Abraham Lincoln and Thomas Jefferson have been slimed.
A mysterious black slime has been steadily oozing over Washington DC’s most famous monuments, including the Lincoln and Jefferson Memorials.
The Jefferson Memorial’s white marble dome is slowly turning gray from the icky substance, which is called biofilm, and not actually a slime, but more of a powder, reports CBS News.
The black stuff has also creeped over the Arlington National Cemetery and on the Washington Monument and the tombstones at Congressional Cemetery, according to NPS.gov.
The normally pure white marble dome of the Jefferson Memorial has turned gray-ish with biofilm, otherwise known as black slime (seen above)
The microorganisms can look like dirt, which was causing the public to complaint that the parks department wasn’t cleaning the sights well enough
The parks department finally went public with their slime problem and are still seeking a solution
‘It’s called slime, but when you touch it, it’s dry; it doesn’t come off on your fingers,’ noted CBS News’ Mark Albert when he visited the area.
Because of its dryness, it’s even more difficult to clean off, said Mike Litterst of the National Park Service.
All biofilm, which is a colony of microscopic organisms, really needs to grow is nutrients and a surface such as stone. Many famous monuments all over the world have the same issue.
Rain can cause pits to form in smooth stone surfaces over time, creating the perfect petrie dish for the slime.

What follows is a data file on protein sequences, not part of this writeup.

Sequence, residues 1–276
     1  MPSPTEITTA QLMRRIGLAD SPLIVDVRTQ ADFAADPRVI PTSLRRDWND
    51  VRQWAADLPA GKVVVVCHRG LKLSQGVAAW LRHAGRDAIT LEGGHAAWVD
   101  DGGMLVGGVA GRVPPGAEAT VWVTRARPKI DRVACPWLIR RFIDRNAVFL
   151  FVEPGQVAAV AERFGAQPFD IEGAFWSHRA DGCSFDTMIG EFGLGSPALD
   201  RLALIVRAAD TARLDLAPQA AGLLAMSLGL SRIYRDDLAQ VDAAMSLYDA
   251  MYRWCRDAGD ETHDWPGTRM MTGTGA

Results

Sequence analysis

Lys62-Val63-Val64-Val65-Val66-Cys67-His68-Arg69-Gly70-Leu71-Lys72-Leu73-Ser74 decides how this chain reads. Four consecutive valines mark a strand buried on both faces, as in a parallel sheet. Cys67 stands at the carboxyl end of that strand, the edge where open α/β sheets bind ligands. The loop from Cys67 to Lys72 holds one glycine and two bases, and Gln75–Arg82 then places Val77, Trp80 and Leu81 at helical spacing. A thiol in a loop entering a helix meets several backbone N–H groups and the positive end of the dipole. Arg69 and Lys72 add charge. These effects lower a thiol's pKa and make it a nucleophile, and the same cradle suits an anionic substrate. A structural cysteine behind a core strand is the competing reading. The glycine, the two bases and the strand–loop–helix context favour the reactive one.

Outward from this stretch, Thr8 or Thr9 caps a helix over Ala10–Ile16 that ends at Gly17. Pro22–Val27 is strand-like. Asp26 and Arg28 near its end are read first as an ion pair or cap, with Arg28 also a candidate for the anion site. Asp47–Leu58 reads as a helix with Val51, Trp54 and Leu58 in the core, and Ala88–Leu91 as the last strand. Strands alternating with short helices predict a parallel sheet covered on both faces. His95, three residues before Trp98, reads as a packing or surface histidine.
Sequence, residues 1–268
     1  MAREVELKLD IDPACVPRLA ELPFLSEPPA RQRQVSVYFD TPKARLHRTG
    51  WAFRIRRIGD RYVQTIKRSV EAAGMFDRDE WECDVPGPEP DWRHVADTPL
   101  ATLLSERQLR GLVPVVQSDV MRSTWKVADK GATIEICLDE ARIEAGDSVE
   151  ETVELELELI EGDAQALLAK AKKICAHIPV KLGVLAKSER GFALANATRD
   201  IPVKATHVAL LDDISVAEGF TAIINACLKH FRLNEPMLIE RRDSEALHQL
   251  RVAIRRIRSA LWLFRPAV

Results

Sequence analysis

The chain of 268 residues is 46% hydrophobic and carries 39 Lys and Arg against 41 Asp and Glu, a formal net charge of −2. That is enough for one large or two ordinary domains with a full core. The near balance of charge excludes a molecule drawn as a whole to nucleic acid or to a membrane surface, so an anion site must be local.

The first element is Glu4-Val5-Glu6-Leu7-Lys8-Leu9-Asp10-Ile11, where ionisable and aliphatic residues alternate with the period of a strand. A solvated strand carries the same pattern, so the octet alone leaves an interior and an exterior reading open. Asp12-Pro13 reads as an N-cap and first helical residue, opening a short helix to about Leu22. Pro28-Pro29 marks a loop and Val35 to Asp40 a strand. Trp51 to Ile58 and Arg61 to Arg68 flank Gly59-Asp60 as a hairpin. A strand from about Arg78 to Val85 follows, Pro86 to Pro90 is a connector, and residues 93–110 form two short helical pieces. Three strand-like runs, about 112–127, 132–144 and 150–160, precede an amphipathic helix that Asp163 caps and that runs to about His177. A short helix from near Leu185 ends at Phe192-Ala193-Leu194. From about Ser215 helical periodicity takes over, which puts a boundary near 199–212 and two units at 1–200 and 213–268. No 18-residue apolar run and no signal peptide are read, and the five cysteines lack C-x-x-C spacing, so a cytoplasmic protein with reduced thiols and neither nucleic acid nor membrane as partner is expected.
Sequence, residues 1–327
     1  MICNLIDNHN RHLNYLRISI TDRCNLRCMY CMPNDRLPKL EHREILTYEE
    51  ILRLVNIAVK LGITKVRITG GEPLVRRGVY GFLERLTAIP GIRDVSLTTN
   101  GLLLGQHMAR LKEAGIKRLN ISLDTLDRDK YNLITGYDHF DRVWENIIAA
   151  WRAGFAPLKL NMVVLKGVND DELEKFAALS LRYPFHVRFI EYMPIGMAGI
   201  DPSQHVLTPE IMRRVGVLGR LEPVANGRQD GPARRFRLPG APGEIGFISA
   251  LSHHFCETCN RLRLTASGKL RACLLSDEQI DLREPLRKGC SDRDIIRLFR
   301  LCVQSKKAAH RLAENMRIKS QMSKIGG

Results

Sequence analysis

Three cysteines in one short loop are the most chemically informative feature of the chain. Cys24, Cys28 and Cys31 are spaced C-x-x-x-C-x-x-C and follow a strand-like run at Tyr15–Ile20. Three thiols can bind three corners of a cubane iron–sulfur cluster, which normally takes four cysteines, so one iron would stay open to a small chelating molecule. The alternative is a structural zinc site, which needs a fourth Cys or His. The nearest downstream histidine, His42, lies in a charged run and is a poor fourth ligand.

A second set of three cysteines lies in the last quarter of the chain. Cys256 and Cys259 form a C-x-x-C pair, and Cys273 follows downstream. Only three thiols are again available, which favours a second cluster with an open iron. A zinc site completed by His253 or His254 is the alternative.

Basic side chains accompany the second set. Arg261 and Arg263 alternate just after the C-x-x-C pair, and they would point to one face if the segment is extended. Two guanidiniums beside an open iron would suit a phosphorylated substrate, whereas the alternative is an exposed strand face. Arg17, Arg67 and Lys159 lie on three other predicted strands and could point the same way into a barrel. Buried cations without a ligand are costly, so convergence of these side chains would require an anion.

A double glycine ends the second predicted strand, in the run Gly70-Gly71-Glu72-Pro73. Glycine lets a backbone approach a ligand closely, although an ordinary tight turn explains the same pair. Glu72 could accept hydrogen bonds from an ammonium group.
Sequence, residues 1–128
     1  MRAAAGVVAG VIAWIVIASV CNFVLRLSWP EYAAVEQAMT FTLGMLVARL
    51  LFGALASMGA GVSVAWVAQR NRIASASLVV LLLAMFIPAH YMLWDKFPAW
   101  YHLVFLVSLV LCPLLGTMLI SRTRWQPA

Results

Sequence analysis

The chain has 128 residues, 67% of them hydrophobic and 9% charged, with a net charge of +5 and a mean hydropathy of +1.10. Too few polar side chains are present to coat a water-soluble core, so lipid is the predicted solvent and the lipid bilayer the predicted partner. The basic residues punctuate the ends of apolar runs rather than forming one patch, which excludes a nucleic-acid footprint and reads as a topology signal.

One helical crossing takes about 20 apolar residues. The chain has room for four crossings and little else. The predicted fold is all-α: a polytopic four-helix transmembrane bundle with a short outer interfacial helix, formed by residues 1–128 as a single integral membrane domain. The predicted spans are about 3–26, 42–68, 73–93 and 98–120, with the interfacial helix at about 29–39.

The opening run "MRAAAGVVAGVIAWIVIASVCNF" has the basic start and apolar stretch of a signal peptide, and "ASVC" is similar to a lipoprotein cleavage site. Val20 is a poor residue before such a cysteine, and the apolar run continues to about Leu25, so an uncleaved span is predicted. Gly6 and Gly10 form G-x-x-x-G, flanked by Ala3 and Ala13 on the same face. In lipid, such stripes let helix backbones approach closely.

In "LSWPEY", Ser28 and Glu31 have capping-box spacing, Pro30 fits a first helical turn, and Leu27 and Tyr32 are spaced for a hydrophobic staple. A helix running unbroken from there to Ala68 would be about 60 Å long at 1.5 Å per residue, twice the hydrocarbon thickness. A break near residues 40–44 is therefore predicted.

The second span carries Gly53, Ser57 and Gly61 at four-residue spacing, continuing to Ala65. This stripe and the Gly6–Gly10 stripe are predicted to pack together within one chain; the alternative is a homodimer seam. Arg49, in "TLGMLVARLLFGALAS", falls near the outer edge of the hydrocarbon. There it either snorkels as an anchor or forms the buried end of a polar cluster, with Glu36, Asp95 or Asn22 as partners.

But getting rid of it isn’t as easy as soap and water.
‘Treatment of biofilm is difficult, as there is no known permanent method for removing it, and we have to ensure that any treatment must not do further damage to the soft marble of the memorial nor encourage further growth,’ Catherine Dewey, chief of resource management for National Mall and Memorial Parks, told NPS.
The slime has creeped from the National Mall to the Arlington National Cemetery (above) and the tombstones at Congressional Cemetery
The parks service is testing a variety of treatments to find one least damaging to the stone, is safe for the environment and visitors, and isn’t too expensive.
The department has actually had to hire a team of global scientists to attack the problem.
‘It is very frustrating. And it’s one of those things the more we look into it, the more questions we ask, the more we come up with all sorts of theories and ideas, but to date there is no known permanent solution to get rid of biofilm,’ Litterst said.
Although the slime problem has been going on since at least 2006, it has rapidly accelerated lately – and the public noticed, complaining that the city wasn’t doing enough to keep the shrines clean.
That’s when the department went public with its dirty biofilm secret.
But Litterst is determined to fight back.
‘We have absolutely no intention of allowing nature to take its course and cover a gloriously white marble rotunda with a blackened biofilm,’ he says.